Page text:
I’ve been thinking a lot about kids and math these days. Certainly, there’s been a lot of work to promote *Eat Your Math Homework *and with it, I’ve met lots of people who either, a) Love math and love the idea of pairing something wonderful–food– with the topic, or b) Would rather read anything else, do anything else, be anywhere else than in a room where the topic is math.

I started getting serious about writing books for kids about math probably eight years ago now. Then, as now, it seems to be a hard sell to at least a large segment of the market. (Evidence: recent popular T-shirts with ‘allergic to algebra’ or ‘I’m too pretty to do math’ on them). People don’t naturally gravitate to math books. To many, I feel like math still conjures up pages and pages of deadly math worksheets that are either so darn boring that they are a cure for insomnia (Thanks, Bill, for that saying), or they are too complicated to figure out and so avoidance is the key to success. Don’t think about math and it will go away.

I’m not a genius math student at all. I do love math and I find it fascinating, but my skills are limited. Let’s just say that if I had to take a college-level math course, I’d be in trouble. Like anything, math can be tricky. My sincere hope with the books I’ve had published so far is to get kids to really, really love math. Just like broccoli in cheese sauce (Would we enjoy the plain, steamed variety as much– I think not), math and food or math and anything fun is a winning combination.

Here’s a writing (or thinking) exercise to do for fun.

Let’s start with fairytales, a genre that is beloved to most of us: Jack and the Beanstalk, Cinderella, Sleeping Beauty, Snow White… How does math figure into these stories? How could you do a retelling where math is the main attraction? (Or at least, it figures prominently– oops, no pun intended!) That whole issue of the time countdown until midnight is a great math connection for Cinderella. Sleeping Beauty, well, how about something about how long her hair grows if it grows x inches in y number of years? My image of that fairytale is of her long, long gorgeously golden hair. Oooo– how about Snow White and the seven dwarfs? If every dwarfÂ mines seven feet of rock per day and every foot holds 7 precious stones and they do this for a week, how many precious stones will they accumulate?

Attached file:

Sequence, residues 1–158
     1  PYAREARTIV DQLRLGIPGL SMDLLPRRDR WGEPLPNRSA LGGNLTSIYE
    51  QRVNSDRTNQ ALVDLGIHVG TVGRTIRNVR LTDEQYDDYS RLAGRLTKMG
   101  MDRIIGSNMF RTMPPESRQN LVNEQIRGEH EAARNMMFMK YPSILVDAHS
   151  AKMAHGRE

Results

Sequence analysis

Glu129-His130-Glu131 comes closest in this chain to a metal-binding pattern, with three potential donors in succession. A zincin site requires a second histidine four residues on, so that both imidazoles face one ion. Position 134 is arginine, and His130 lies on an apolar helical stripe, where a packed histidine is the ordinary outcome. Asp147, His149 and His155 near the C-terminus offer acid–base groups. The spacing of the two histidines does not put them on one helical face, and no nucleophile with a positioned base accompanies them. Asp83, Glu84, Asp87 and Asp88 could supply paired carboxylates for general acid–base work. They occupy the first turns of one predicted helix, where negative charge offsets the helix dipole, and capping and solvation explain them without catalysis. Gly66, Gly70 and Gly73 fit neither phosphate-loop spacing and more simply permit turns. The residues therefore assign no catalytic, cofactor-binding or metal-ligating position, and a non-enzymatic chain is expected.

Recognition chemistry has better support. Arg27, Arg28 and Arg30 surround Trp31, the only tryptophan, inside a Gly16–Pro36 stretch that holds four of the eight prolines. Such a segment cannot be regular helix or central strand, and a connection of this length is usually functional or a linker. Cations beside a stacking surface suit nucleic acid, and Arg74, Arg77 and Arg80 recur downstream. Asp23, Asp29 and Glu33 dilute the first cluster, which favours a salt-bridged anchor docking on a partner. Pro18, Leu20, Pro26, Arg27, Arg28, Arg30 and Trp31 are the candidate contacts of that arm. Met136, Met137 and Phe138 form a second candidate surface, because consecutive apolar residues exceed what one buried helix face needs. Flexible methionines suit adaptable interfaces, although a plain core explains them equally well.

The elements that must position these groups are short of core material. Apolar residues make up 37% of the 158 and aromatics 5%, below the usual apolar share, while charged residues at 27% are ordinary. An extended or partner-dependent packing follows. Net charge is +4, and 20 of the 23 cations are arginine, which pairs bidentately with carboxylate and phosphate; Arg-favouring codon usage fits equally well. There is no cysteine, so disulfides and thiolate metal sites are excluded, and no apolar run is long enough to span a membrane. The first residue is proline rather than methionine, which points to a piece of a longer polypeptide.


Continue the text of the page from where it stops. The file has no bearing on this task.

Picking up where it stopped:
Okay, so maybe that’s too complicated, too much work. How else can one make math fun? Projects, cooking (For sure!), every day math? Attitude is key. I feel like if one is enthusiastic about the topic, children will be too. It’s the holiday season. How about making mathematical gingerbread houses? If you start with the easy-peezy graham cracker kind, (put 6 graham crackers together in a house shape with gingerbread house icing which will dry and keep the pieces together solidly) the fun will be in how to decorate it in a mathematical way. Ie. How many gumdrops are there around the perimeter of the roof? What shapes are the windows? How long, exactly, is the path from the door?

Lots of rambling today. I hope these ideas sparked your interest. Happy holidays and best math wishes, Ann

I think this is best article for us…They give us good knowledge for us…Thanks for this post …Its really nice working….